These “shared ties” bespeak, of course, a brutal imperial past of theft, violence and death. The dream of “Empire 2.0,” as it has been labelled is blinded by a nostalgia for something that never existed and deeply ignorant to our contemporary realities in which black and brown people are regarded with contempt, suspicion, racism, Islamophobia, and its attendant forms of violence on the rise. It is perhaps not so surprising then that also in 2016, the respondents of a YouGov poll who thought the Empire was a source of pride outnumbered those for whom it was a source of shame by three to one; that the Empire tended to leave its colonies better off than worse off by more than three to one; and with over a third responding they would “like it if Britain still had an Empire.”
Alternatively, revered director Christopher Nolan’s film, Dunkirk, depicting the evacuation of the British Army from the French port during a fierce battle of World War II, was released in July 2017 and was lauded near-universally by critics, grossing over half a billion dollars worldwide. Released around a similar time was Jonathan Teplitzky’s Churchill (2017) and Joe Wright’s Darkest Hour (2018) with passionate portrayals of Winston Churchill in the midst of constant Allied defeats to the massive Wehrmacht.
These martial images of the brave pilots of Spitfires and Hurricanes, of Churchill’s supreme talent for stirring rhetoric and a fine turn of phrase have achieved canonical status in the national memory. From critically-acclaimed epics, to the frequent pageantry definitive of royal family occasions, to school curricula, these same narratives and mythic moments of national becoming and unity continue to dominate and retain a special grip on Britain’s culture and self-understanding. The trouble with this idea of culture is that it entails not only venerating one’s own culture over or at the expense of others. But also, as Edward Said reminds us, “thinking of it as somehow divorced from, because transcending, the everyday world…. Culture conceived in this way can become a protective enclosure.”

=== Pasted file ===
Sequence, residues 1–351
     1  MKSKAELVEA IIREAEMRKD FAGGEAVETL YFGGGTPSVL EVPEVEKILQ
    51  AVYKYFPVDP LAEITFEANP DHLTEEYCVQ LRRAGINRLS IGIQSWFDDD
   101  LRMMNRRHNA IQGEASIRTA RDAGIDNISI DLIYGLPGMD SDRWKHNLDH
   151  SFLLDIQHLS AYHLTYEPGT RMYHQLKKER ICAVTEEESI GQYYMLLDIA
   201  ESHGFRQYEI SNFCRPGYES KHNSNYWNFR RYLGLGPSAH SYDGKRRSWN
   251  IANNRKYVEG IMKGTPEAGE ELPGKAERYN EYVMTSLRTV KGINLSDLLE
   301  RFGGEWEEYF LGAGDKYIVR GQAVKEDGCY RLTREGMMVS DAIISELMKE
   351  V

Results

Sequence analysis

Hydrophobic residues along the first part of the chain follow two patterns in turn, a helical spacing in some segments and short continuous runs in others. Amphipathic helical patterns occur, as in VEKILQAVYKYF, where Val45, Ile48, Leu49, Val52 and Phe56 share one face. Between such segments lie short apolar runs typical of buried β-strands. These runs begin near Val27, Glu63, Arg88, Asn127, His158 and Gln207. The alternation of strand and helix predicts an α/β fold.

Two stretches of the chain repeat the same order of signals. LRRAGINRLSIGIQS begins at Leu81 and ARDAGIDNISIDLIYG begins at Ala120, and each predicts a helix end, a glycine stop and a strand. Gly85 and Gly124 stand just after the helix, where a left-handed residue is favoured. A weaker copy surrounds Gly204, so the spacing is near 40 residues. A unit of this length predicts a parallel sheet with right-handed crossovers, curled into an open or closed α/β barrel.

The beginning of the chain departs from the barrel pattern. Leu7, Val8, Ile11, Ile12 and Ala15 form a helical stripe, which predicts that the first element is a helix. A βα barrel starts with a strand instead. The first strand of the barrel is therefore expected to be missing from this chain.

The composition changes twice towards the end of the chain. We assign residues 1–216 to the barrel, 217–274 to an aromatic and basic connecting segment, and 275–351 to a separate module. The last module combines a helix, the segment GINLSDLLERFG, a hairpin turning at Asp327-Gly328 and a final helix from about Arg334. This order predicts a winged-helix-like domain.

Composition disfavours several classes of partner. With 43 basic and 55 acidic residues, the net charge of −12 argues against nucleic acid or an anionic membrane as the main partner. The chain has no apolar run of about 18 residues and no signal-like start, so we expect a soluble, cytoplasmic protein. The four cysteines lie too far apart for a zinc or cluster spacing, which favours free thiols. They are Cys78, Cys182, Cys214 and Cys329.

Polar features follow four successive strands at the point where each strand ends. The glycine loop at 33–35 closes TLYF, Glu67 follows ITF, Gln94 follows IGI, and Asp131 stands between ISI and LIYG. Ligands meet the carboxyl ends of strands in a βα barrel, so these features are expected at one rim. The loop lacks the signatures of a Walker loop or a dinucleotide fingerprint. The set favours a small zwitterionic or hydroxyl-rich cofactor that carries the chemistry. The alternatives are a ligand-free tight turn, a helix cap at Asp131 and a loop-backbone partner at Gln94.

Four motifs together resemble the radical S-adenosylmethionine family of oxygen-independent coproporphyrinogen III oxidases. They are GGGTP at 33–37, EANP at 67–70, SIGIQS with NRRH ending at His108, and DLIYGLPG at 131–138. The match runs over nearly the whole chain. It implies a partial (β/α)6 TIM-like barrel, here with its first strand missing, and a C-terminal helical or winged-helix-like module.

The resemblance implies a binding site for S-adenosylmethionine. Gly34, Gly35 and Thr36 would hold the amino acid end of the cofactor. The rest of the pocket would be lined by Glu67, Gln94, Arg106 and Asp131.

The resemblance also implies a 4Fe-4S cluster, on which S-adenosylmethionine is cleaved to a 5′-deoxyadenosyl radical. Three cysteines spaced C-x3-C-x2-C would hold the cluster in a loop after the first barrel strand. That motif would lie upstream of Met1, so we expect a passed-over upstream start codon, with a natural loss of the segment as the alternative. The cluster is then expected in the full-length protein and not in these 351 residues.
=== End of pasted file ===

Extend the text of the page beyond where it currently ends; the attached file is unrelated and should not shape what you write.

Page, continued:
The deep ignorance or romanticisation of the imperial dimensions of these moments and characters so often seen on screens and heard from historians and politicians alike finds solace in the protective enclosure. From the total absence of the vital role played by South Asian and East African Divisions during the war, to Churchill’s ghastly and well-documented racism and central role in the Bengal famine, these moments of Britain’s imperial greatness are largely sanitised yet dramatized in a similar fashion to the imperial propaganda found in the music halls and theatres of the late-19th and 20th century; the adverts for Empire in school textbooks, biscuit tins and Lipton, Horniman, Mazawattee or the C.W.S. teaboxes; and the collectible sets of cigarette cards of W.D.& H.O. Wills, John Player, Churchman and Boy Scouts and Girl Guides, all of them revelling in the cult of personality.
These are not isolated instances of World War II/colonial revisionism. There has been a slew of texts which depict the British Raj – the jewel of Empire – from various perspectives: Victoria & Abdul, Viceroy’s House, The Best Exotic Marigold Hotel films (and the BBC documentary, The Real Marigold Hotel), The Good Karma Hospital are just a few. Selling the Empire, or as has always been the case, a version of it, is still profitable it seems.